Open main menu


LANGTON, JOHN (fl. 1390), Carmelite, was, according to Bale, a native of the west of England. De Villiers, however, describes him as a Londoner. He studied at Oxford, and was a bachelor of theology (Fasc. Ziz. 358). He was present at the council of Stamford on 28 May 1392, when the lollard Henry Crump was tried, and drew up the account of the trial, which is printed in 'Fasciculi Zizaniorum,' pp. 343–59. He is also credited with 'Collectanea Dictorum.' Langton, owing to a confusion with John Langton [q. v.], bishop of Rochester, is wrongly said by De Villiers to have preached before a synod at London in 1411, and to have attended the council of Basle in 1434 (cf. Harpsfeld, Hist. Eccl. Angl. p. 619). The ascription to him of a treatise, 'De Rebus Anglicis,' is due to the same error.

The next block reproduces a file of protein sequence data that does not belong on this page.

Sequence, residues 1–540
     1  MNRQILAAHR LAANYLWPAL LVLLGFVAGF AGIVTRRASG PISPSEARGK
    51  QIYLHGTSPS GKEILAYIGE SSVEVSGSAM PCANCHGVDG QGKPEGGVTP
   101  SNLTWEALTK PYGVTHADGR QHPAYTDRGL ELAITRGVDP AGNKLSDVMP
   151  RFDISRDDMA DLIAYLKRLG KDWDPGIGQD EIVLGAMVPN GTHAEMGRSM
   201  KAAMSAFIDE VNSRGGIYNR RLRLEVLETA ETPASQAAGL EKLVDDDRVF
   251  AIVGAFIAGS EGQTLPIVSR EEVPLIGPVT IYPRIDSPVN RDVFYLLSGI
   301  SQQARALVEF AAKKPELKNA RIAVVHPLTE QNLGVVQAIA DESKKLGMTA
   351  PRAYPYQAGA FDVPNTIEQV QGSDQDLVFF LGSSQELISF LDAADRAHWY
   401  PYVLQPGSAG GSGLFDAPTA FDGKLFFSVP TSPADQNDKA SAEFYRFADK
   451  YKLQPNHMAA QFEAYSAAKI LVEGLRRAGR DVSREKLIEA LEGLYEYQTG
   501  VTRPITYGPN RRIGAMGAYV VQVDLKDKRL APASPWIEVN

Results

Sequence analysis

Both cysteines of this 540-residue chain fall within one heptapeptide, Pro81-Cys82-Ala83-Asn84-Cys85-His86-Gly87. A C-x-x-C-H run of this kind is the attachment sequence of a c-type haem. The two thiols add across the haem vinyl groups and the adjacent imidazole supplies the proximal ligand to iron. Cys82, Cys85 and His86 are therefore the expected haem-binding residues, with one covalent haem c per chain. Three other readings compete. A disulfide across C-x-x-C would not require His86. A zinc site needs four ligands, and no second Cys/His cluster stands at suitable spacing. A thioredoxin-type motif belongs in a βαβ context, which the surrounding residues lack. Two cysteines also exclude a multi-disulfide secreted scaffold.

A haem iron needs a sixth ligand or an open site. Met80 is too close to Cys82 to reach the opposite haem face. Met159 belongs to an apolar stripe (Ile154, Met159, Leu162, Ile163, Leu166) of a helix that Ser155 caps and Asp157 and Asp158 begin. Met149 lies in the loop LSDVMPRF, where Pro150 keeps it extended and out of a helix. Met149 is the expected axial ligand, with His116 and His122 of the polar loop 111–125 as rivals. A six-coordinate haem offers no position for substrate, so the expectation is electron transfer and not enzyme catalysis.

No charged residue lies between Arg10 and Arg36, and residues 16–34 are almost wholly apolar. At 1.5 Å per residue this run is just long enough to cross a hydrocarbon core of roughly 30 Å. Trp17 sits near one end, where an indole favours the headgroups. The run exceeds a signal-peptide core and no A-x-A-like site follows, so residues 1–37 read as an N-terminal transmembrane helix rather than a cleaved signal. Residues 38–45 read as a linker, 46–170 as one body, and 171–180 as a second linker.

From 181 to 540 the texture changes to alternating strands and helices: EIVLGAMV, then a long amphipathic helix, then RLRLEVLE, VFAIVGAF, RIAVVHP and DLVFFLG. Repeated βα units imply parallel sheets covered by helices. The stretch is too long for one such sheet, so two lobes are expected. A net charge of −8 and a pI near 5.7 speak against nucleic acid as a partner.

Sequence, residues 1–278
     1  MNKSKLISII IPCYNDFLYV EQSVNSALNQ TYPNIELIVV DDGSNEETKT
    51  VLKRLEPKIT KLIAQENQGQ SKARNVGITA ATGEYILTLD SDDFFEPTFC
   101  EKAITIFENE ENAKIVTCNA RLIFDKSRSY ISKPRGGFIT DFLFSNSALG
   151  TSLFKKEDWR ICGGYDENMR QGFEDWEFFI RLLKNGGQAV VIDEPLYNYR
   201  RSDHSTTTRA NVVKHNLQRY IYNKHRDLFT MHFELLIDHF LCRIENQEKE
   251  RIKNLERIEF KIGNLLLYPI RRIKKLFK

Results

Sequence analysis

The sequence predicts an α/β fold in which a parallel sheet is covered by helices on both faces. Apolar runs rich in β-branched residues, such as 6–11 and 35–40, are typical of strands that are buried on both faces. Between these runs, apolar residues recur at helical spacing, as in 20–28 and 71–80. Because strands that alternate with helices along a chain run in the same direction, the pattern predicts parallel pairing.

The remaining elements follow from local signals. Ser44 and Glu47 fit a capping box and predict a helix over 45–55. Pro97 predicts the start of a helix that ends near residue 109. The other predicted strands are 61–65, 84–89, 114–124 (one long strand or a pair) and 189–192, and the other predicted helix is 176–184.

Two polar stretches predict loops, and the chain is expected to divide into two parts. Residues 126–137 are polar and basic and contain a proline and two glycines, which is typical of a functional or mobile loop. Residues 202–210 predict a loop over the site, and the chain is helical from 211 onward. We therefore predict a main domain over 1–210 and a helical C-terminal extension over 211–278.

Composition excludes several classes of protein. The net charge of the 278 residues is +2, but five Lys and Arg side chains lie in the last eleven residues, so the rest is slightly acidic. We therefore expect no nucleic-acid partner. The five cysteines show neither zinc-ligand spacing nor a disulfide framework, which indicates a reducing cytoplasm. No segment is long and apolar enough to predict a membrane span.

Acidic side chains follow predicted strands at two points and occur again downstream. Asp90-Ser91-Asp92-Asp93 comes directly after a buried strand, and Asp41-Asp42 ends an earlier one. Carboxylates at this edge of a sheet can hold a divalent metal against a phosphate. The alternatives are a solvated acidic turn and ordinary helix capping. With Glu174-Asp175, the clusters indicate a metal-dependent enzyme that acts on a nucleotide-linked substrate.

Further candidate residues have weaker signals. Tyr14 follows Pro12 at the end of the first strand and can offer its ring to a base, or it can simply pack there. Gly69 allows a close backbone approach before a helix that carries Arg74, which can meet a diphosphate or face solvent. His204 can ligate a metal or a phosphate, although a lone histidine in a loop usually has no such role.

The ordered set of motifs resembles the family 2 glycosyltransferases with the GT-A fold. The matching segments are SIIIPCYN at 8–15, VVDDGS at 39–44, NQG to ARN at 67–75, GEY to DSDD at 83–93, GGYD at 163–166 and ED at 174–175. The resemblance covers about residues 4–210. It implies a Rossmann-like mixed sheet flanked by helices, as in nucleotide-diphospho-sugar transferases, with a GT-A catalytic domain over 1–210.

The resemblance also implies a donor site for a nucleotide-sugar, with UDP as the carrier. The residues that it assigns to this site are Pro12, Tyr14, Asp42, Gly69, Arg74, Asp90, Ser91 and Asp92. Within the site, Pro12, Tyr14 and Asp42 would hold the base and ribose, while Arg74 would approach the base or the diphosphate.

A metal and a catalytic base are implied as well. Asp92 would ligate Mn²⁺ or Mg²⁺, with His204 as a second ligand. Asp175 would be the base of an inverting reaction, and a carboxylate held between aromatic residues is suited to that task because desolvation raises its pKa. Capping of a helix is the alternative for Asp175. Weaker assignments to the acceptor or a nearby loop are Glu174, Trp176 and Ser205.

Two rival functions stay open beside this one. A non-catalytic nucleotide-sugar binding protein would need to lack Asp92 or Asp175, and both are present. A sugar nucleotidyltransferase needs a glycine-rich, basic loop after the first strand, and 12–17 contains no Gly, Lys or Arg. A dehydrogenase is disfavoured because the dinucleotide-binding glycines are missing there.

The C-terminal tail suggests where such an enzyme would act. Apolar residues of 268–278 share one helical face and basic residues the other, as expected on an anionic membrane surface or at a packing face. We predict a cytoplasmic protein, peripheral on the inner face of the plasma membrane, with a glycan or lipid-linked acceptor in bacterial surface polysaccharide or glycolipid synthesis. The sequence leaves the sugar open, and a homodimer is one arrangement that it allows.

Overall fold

[Bale's Heliades, Harleian MS. 3838, f. 72b; Leland's Comment. de Scriptt. p. 407; Pits, p. 1420; Tanner's Bibl. Brit.-Hib. p. 466; De Villier's Bibl. Carmel, ii. 25.]

C. L. K.